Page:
Successfully reported this slideshow.



Published on

Hydro energy is simply energy that is taken from water and converted to electricity. Hydro energy can be obtained by using many methods of capture. The most common method of using energy from water is a hydroelectric dam, where water coming down through an area causes turbines to rotate and the energy is captured to run a generator.

Published in: Education, Technology, Business
  • Be the first to comment

  • Be the first to like this


  1. 1. 1Hydro energy
  2. 2. 2Hydro Energy Hydro energy is simply energy that is taken fromwater and converted to electricity. Hydro energycan be obtained by using many methods ofcapture. The most common method of usingenergy from water is a hydroelectric dam, wherewater coming down through an area causesturbines to rotate and the energy is captured torun a generator. Power can also be generatedfrom the energy of tidal forces or wave power,which uses the energy created by waves.
  3. 3. 3Hydrologic Cycle
  4. 4. 4Hydropower to Electric PowerPotentialEnergyKineticEnergyElectricalEnergyMechanicalEnergyElectricity
  5. 5. 5Sources of Electric Power – US
  6. 6. 6Renewable Energy Sources
  7. 7. 7World Trends in Hydropower
  8. 8. 8World hydro production
  9. 9. 9World’s Largest DamsRanked by maximum power.Name Country YearMaxGenerationAnnualProductionThree Gorges China 2009 18,200 MWItaipú Brazil/Paraguay 1983 12,600 MW 93.4 TW-hrsGuri Venezuela 1986 10,200 MW 46 TW-hrsGrand Coulee United States 1942/80 6,809 MW 22.6 TW-hrsSayano Shushenskaya Russia 1983 6,400 MWRobert-Bourassa Canada 1981 5,616 MWChurchill Falls Canada 1971 5,429 MW 35 TW-hrsIron Gates Romania/Serbia 1970 2,280 MW 11.3 TW-hrs
  10. 10. 10Three Gorges Dam (China)
  11. 11. 11Three Gorges Dam Location Map
  12. 12. 12Arch DamsAldeadávila Dam (in Spain)Water ForcesWeight Forces
  13. 13. 13Gravity DamsGuri Dam (in Venezuela)Water forcesWeight Forces
  14. 14. 14Arch-Gravity damsHoover Dam (between the U.S. States of Arizona and Nevada)Hoover Dam (between the U.S. States of Arizona and Nevada)
  15. 15. 15Uses of Dams – US
  16. 16. 16Types of Hydroelectric Installation
  17. 17. 17ExampleHoover Dam (US)
  18. 18. 18Turbine DesignFrancis TurbineKaplan TurbinePelton TurbineTurgo TurbineNew Designs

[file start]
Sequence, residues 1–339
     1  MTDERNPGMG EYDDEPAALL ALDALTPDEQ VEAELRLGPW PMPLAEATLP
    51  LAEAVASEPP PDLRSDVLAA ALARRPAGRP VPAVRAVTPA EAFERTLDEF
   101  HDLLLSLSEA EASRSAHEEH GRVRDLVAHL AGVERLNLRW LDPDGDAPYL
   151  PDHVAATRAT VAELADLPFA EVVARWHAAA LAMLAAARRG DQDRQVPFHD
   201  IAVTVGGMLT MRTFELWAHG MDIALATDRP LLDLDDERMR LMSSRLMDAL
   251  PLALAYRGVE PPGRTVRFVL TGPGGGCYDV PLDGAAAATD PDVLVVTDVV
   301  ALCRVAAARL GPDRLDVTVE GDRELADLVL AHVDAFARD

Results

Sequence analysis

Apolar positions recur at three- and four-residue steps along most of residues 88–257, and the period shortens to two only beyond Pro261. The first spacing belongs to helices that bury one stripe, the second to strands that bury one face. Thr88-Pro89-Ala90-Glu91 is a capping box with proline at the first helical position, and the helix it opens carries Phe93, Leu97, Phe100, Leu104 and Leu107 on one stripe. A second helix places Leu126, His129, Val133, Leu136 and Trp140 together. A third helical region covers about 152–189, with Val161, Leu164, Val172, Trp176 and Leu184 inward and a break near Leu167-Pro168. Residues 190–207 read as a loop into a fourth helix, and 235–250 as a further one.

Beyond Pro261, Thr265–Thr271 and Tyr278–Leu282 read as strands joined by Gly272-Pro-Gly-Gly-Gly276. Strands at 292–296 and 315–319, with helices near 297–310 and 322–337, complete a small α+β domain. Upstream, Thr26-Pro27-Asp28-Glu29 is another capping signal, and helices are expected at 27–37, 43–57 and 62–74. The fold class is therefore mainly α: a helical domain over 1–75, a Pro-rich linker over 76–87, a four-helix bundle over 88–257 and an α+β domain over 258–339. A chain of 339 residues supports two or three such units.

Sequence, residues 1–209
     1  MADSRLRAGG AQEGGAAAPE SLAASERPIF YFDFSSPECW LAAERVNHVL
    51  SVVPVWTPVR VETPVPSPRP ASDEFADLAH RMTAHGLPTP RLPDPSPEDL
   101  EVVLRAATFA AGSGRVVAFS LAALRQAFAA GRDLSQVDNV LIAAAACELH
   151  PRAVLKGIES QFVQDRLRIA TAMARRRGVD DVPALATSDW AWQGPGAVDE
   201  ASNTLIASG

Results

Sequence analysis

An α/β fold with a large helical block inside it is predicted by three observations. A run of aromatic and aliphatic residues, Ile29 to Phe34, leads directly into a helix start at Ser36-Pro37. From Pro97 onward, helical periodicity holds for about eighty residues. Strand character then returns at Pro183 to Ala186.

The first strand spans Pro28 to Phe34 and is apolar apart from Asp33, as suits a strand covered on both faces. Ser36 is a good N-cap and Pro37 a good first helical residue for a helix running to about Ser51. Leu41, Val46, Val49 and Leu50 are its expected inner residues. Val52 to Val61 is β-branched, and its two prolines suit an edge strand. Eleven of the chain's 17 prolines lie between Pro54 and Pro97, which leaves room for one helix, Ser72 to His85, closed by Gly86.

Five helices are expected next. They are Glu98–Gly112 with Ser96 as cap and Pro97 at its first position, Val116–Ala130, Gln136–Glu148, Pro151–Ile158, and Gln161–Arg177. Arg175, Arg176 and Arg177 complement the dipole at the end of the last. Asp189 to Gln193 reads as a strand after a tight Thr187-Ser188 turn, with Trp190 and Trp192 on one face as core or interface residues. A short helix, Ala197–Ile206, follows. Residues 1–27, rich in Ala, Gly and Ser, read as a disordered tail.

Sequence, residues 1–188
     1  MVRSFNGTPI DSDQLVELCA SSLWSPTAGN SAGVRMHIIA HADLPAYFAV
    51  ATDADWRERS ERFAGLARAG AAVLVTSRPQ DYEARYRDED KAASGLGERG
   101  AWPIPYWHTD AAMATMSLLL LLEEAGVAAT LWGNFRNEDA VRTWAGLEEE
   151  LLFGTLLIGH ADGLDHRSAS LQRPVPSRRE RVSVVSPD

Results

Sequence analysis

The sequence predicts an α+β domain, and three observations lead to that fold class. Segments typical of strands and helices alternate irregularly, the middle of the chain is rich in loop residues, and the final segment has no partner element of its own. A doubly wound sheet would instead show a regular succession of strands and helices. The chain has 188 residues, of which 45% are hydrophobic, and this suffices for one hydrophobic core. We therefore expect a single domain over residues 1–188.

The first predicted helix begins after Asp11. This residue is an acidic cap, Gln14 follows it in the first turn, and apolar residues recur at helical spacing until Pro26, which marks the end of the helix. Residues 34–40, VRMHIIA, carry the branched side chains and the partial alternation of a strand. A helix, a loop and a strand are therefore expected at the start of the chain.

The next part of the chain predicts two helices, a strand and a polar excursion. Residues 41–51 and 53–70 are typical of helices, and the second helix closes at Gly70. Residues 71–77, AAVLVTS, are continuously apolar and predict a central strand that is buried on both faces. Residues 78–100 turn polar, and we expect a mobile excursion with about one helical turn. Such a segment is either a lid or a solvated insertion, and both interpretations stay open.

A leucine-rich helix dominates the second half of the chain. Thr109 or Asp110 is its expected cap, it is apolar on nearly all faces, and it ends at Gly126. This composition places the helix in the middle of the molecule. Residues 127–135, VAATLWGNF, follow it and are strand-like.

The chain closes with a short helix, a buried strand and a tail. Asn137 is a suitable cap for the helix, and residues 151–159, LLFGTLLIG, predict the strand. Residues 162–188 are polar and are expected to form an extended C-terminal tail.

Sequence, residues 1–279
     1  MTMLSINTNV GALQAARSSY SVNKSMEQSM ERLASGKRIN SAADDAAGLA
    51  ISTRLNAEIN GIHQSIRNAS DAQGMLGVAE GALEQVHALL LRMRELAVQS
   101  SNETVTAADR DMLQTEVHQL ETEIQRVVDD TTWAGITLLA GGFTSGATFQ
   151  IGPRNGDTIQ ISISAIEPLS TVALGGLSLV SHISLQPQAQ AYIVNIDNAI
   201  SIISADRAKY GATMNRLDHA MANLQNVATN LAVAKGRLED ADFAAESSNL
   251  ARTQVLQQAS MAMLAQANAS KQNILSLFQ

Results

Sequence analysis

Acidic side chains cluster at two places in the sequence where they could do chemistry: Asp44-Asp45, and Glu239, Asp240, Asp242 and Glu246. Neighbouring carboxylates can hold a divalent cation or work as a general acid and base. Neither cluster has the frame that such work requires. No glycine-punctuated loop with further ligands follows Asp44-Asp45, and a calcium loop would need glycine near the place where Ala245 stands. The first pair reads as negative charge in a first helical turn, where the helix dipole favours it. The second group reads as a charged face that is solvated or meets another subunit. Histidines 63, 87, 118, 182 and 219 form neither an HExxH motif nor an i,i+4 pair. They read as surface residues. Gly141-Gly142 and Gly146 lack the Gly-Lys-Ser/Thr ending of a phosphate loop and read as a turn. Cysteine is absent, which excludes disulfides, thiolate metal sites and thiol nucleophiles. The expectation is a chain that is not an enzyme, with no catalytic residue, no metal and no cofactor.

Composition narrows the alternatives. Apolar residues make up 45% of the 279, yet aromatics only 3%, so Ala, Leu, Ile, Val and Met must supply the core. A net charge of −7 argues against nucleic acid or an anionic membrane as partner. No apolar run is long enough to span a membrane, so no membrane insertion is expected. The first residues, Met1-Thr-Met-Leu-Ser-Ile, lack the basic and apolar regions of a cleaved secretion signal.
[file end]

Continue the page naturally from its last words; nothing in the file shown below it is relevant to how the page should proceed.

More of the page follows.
19. 19. 19Types of Hydropower Turbines
  20. 20. 20Classification of Hydro Turbines Reaction Turbines Derive power from pressure drop across turbine Totally immersed in water Angular & linear motion converted to shaft power Propeller, Francis, and Kaplan turbines Impulse Turbines Convert kinetic energy of water jet hitting buckets No pressure drop across turbines Pelton, Turgo, and crossflow turbines
  21. 21. 21Kaplan Turbine Schematic
  22. 22. 22Vertical Kaplan Turbine Setup
  23. 23. 23Horizontal Kaplan Turbine
  24. 24. 24Pelton Wheel Turbine
  25. 25. 25Turgo Turbine
  26. 26. 26Major Hydropower Producers Canada, 341,312 GWh (66,954 MW installed) USA, 319,484 GWh (79,511 MW installed) Brazil, 285,603 GWh (57,517 MW installed) China, 204,300 GWh (65,000 MW installed) Russia, 173,500 GWh (44,700 MW installed) Norway, 121,824 GWh (27,528 MW installed) Japan, 84,500 GWh (27,229 MW installed) India, 82,237 GWh (22,083 MW installed) France, 77,500 GWh (25,335 MW installed)1999 figures, including pumped-storage hydroelectricity
  27. 27. 27World Energy Sources
  28. 28. 28Problems with Hydro Electricity About 50% of the United States potential for hydroelectricenergy has been tapped. However, further advances areunlikely. The Wild and Scenic River Act and the Endangered SpeciesAct have inhibited development of some sites Silt collection in hydroelectric Dam storage volumes overtime causes maintenance issues, as well as environmentalconcerns The loss of free flowing streams and land due to floodingbehind the dam disturbs the life of species: eg – Salmon Possibility of dam failure
  29. 29. 29
  30. 30. 30
  31. 31. 31